Ontologies are key elements required to enable decision support systems, knowledge exploitation and information retrieval systems with new semantic capabilities. Since Gruber [Gruber, 1993], the scientific community defines an ontology as a formal, explicit specification of a shared conceptualization. When domain knowledge is represented in a declarative formalism, such as in an ontology, the set of objects that can be represented is called the universe of discourse. This set of objects, and the formalized relationships among them, are reflected in the representational vocabulary [id.]. Domain ontologies provide vocabularies about the concepts within a domain and their relationships, about activities that take place in that domain and about theories and elementary principles governing that domain [Corcho et al., 2003]. This paper illustrates how natural language processing techniques can support and automate domain ontologies engineering.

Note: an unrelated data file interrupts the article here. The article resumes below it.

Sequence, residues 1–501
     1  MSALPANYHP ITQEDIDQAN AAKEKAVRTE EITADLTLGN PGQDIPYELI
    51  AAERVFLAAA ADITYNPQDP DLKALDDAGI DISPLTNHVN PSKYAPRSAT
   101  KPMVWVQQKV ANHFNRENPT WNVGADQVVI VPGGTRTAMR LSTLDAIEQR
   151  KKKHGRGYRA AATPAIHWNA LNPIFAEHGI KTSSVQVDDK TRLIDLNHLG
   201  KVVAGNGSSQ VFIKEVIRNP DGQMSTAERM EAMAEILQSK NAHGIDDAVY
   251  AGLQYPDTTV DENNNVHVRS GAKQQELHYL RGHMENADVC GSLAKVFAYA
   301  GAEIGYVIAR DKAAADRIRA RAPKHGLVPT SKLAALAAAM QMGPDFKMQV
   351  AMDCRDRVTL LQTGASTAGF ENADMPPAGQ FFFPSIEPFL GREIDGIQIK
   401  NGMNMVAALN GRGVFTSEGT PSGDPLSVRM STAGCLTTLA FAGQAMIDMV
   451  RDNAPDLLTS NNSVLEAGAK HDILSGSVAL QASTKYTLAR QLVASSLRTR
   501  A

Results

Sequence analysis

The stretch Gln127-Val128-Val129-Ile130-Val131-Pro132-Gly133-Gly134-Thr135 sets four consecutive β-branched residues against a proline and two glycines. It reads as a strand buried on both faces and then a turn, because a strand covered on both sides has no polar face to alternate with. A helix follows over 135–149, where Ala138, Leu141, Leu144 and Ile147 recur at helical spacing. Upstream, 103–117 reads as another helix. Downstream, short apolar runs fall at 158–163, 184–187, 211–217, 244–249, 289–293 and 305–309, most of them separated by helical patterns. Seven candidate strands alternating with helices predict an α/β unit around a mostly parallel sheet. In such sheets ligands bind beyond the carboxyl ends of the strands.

2. ONTOLOGIES FOR INTELLIGENT COMMAND AND CONTROL SYSTEMS Research from the military community3 clearly indicates that there are many needs and many potential uses for domain ontologies within many military areas similar to industry. With the development and maturity of the Semantic Web [Davies et al., 2003], automated ontology engineering will provide the cornerstone technology, which shares a common understanding of a domain among humans, agents and machines. Ontologies for command and control systems will be instrumental in establishing a Common Operational Picture (COP) among units by making domain representations, situation analysis and assumptions more explicit. Agents assisting commanders with the command and control task will have the ability to interpret data and know its meaning and value based on domain ontologies. According to [Bowman et al., 2001], in order for Artificial Intelligence (AI) to become truly useful in high-level military applications it is necessary to identify, document, and integrate into automated systems the human knowledge that senior military professionals use to solve high-level problems. This paper [ibid.] illustrates this statement by the development and use of a course of action ontology. If it is generally admitted that next generation of command and control systems shall integrate and use ontologies, existing technologies and methodologies to rapidly build such ontologies still remain very limited.